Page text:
As far as North by Northwest goes, the whole movie except for the ending was fantastic. I found the humor for the ending to be seriously missplaced. I mean really
Spoiler: it's like:
"Help I'm falling off a cliff!"
"I got ya! I got ya...TADA!!! WE'RE MARRIED AND ON A TRAIN!!!
That's got to be the dumbest cut in all of movies.
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GlennH

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Well, under that strict definition I'm not really a "fan" either. I can't recite all that trivial minutia about Hitch.
But I enjoy a lot of his movies and find the documentaries about him and his movie-making interesting too. So in that more casual sense I consider myself a "fan" as people commonly use that word.
Come to think of it, I guess "fan" is short for "fanatic" so maybe your definition is better...

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george kaplan

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I guess I'm not as much of a fan of Hitchcock as I thought. There are tons of his movies I haven't even seen (such as The Pleasure Garden). But I have to say that I have no problem whatsoever with the ending of North By Northwest. It was just a humorous little cut. Nothing great or horrible in my opinion. Certainly nothing to dislike the entire movie over. It's not like Spoiler:Roger Thornhill really turned out to be George Kaplan

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george kaplan

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Spoiler:"They've obviously mistaken me for a much shorter man." Out of the closet steps Haley Joel Osment, playing Kaplan.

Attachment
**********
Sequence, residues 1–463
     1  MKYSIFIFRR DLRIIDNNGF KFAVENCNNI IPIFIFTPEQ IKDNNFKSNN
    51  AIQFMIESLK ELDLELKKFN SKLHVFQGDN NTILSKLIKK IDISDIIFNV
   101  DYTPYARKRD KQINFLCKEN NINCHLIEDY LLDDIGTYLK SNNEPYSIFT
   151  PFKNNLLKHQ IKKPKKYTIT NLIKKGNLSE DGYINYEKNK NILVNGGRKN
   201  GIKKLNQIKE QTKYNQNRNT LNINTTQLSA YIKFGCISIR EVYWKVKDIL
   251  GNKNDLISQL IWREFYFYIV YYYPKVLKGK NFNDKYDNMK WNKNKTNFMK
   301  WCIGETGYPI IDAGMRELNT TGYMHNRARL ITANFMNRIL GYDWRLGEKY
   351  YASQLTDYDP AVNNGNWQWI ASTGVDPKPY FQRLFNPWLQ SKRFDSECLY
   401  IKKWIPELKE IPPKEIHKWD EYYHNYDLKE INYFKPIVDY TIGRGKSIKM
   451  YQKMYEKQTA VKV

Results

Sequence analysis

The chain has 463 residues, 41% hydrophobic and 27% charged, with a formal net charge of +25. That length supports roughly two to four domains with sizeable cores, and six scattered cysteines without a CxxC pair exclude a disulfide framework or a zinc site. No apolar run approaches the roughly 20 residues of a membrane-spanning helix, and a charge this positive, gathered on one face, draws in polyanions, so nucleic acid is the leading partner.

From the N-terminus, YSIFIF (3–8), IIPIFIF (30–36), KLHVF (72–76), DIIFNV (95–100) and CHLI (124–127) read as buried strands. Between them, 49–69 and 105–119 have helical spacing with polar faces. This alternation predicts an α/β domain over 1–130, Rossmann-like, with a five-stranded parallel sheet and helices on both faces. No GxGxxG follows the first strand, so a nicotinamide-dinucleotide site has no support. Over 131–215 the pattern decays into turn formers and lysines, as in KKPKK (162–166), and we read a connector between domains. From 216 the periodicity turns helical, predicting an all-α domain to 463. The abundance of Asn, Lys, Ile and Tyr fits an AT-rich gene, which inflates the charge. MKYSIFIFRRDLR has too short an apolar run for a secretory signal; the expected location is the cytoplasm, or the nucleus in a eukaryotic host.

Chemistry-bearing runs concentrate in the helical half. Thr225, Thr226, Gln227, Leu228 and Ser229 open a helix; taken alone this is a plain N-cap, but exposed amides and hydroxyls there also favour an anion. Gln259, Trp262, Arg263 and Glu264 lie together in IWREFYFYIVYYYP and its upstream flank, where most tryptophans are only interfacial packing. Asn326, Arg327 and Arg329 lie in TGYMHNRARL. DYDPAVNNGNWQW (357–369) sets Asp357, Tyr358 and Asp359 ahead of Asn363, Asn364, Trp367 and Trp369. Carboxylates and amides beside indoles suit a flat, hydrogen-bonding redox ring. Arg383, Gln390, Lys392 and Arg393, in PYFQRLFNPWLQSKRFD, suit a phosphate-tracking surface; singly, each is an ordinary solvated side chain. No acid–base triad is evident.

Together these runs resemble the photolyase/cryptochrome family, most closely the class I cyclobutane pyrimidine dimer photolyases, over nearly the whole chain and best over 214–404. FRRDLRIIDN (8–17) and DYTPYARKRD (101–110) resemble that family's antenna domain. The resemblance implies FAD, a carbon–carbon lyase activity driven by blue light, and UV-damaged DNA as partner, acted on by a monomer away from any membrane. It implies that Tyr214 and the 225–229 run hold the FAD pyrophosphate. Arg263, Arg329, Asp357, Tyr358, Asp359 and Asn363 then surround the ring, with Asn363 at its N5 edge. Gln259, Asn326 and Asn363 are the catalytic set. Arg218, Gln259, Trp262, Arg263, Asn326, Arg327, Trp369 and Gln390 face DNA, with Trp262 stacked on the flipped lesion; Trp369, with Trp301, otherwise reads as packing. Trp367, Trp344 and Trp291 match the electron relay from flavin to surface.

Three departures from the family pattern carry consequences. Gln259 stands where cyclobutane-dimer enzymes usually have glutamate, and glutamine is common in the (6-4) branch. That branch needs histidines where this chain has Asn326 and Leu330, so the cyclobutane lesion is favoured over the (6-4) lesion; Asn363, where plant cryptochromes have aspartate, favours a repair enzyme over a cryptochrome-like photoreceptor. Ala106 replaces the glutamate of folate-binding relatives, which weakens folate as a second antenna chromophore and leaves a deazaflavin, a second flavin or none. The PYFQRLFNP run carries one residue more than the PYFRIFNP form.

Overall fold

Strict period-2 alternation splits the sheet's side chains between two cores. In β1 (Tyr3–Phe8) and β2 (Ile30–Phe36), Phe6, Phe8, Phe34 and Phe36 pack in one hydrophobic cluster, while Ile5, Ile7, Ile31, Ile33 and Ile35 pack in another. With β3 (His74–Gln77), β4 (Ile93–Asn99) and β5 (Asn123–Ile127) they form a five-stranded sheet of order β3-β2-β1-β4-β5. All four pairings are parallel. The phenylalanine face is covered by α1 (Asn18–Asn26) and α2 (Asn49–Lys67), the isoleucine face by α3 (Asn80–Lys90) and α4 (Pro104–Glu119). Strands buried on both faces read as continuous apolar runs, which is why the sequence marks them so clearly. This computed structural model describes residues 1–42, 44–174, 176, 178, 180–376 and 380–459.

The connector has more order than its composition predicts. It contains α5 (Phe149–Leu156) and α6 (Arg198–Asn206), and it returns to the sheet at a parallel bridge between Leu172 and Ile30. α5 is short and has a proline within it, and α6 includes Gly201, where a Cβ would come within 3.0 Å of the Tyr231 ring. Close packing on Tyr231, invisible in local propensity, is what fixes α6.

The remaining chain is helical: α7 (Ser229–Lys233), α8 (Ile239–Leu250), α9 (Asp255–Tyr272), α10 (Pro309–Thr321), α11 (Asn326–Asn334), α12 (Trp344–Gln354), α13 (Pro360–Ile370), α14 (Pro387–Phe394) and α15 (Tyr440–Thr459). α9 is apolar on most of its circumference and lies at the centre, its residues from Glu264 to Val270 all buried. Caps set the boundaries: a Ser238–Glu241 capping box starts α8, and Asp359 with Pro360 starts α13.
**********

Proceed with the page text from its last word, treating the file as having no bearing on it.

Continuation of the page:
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Adrian_N

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george kaplan, do you ever get up to answer a public phone?

I thought the ending was neither bad nor good. It was a tongue-in-cheek ending. I'm curious to know what other "cliffhangers" were out at the same time.
As for comedy, I really do recommend AH's Trouble With harry.
What is AH's shoe size anyways?
 

CharlesD

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I thought the very last image was a hoot, an example of Hitchcock's humor?
Spoiler:The train going into the tunnel.
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george kaplan

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I thought the very last image was a hoot, an example of Hitchcock's humor?
Actually it's a time-honored symbolic image.
Spoiler:Going into a tunnel to represent sex. Waves crashing, ala From Here to Eternity and Rebecca - orgasm. There are lots of others
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[Edited last by george kaplan on July 10, 2001 at 05:15 PM]
 

TheoGB

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Hi, just resurrecting this to ask if anyone knows why the ending of NbNW is how it is? Is there a site about it? I was hoping there'd be something about it in the commentary but nothing! It's the only downside of the movie for me. Vandam's final line would have been a far better finisher.

Theo
 

Wes Ray

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May 11, 2001
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Yes, Dome. If you come in for Fall Break, we will watch The Trouble With Harry. It is pretty funny.
Personally, I thought some of Hitchcock's best comedic touches came in Frenzy. All the stuff with the policeman and his wife at dinner. The body in the sack of potatoes. Very amusing, and tense.
 

Rain

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Since the original question was why didn't Hitchcock do comedy, I have to ask: Am I the only one who thinks that NBNW is hilarious?